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Table 8 Reported responsiveness of GAS in included studies

From: A systematic review to investigate the measurement properties of goal attainment scaling, towards use in drug trials

First author Year Drug study N Methods and results Quality
Cusick 2006 Yes 41 Ability to detect change overtime, and ability to detect difference in change between groups was measured with regression coefficients and effect sizes. Effect size for the weighted GAS scale: 0.55 (p = 0.036), and for the Likert scale 0,91 (p = 0.003). +/−
Doubtful design or method
Gordon 1999 No 53 GAS was the most responsive measure, with the highest effect size (1.29) and the highest relative efficiency (53.7). +/−
Doubtful design or method
Hartman 1997 No 10 Effect size statistic of 2.34; paired t-test before-after of 2.9 (df = 9, p = 0.017). +/−
Doubtful design or method
Khan 2008 No 24 Effect size 9.0, t = 10.0, Standardized response mean = 2.4 +/−
Doubtful design or method
Palisano 1993 No 21 Of the 84 goals that were formulated for the study, similar information was obtained with the behavioral objective and GAS formats for 33 (39 %) of the goals, and change that could not be measured with the behavioral objective format was measured with the GAS format for 51 (61 %) of the goals. Of the 17 behavioral objectives that were not achieved, the corresponding GAS score documented progress toward the expected outcome (score of - 1) for 2 (12 %) of the goals. Of the 67 behavioral objectives that were achieved, the corresponding GAS score documented progress that exceeded he criteria for achievement of the behavioral objective (score of +1 or +2) for 49 (73 %) of the goals. +/−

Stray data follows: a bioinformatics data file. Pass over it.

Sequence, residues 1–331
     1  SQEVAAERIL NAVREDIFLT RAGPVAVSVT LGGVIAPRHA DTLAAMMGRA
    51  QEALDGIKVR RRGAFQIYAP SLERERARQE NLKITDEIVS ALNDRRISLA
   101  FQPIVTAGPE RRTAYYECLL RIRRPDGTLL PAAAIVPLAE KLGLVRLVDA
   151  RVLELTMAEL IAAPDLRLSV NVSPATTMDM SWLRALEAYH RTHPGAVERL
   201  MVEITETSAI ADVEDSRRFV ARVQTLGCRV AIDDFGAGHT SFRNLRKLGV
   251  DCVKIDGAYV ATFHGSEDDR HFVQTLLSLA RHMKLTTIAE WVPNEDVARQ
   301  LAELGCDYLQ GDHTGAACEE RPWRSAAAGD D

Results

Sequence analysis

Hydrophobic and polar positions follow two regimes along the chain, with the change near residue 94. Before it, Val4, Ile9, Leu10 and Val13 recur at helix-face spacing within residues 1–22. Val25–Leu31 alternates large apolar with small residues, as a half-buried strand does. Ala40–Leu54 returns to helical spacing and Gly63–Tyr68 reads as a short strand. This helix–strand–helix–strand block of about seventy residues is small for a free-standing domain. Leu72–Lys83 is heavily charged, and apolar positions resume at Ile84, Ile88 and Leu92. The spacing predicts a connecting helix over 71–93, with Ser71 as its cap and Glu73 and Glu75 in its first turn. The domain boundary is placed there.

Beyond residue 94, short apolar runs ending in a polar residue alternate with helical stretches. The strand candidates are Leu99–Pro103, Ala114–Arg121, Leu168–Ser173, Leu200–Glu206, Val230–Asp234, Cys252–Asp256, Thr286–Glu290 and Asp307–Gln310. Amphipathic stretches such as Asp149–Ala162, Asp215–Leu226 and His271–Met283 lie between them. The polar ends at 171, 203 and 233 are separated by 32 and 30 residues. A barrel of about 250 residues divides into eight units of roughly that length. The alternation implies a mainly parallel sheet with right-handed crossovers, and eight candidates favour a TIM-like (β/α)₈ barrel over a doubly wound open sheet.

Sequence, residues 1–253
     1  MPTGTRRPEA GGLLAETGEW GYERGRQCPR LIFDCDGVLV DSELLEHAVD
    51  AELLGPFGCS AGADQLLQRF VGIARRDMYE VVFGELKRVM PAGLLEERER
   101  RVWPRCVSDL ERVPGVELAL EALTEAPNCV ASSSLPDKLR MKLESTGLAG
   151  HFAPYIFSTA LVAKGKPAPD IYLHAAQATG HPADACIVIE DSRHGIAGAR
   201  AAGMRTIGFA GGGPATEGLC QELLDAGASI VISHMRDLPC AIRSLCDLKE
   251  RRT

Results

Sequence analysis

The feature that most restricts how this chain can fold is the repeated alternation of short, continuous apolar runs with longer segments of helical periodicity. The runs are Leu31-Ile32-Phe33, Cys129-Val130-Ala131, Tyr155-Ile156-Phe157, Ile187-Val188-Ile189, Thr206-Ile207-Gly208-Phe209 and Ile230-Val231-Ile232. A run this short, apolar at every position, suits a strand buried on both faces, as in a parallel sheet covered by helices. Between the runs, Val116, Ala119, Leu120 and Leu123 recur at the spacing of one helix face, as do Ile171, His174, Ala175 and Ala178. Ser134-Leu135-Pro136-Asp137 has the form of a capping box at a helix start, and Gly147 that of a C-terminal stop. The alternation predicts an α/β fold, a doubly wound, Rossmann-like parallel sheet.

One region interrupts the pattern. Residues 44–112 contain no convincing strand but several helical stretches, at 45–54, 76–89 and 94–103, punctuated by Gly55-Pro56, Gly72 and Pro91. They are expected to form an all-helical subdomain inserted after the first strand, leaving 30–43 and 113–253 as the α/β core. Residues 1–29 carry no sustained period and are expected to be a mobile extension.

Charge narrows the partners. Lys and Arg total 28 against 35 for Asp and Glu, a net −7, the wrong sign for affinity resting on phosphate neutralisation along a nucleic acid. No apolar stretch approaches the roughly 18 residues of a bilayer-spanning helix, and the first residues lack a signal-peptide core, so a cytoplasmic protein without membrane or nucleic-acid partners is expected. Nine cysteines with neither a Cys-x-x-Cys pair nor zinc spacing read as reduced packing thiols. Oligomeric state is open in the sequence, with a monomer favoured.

Doubtful design or method
Rockwood 1993 No 45 RE = 4.5; ES = 5.0 +/−
Doubtful design or method
Rockwood 1997 No 44 Relative efficiency: 7.8; Effect size: 5.11 +/−
Doubtful design or method
Rockwood 2003 No 265 GAS was more responsive than other measures for functional improvement in the elderly; Effect size Cohen’s D: 7.8; SRM: 1.2; NRS: 0.58; Relative efficiency: 57. +/−
Doubtful design or method
Steenbeek 2011 No 23 Individual change score was found in 9/23 (physical), 18/23 (occupational) and 12/18 (speech), and for only one patient a change score was found in the GMFM-66 +/−
Doubtful design or method
Stolee 1999 No 173 GAS ES = 3.52; Standardized response mean = 1.73; Relative efficiency = 3.14 +/−
Doubtful design or method
Stolee 2012 No 90 All three measures of responsiveness indicated that GAS was able to detect meaningful change in this setting: Paired t-test: T(89) = −17.48; p <0.001, SRM = 1.85 (95 % CI 1.50–2.19), ES = 3.27 +/−
Doubtful design or method
Turner-Stokes 2009 No 164 SRM: non-weighed GAS = 2.23, weighed GAS = 2.29. Effect sizes: non-weighed GAS = 3.16, weighed GAS = 3.54 +/−
Doubtful design or method
Turner-Stokes 2010 Yes 90 The group was divided in responders and non-responders, based on the basis of their mean global benefit at the end of the study; across the whole sample, a change in GAS score from baseline of 6 predicted a positive response, with 52 % sensitivity, 85 % specificity, 81 % positive predictive value and 60 % negative predictive value. +/−
Doubtful design or method
Yip 1998 No 143 Standardized Response Mean was calculated for each instrument, by dividing the mean difference between post-treatment and pre-treatment status by the standard deviation of the mean change score. The SRM was 1.56 for GAS, compared with 0.89, 0.82, 0.72 and 0.54 for the Barthel, Katz, OARS-IADL, and SMMSE, respectively. +/−
Doubtful design or method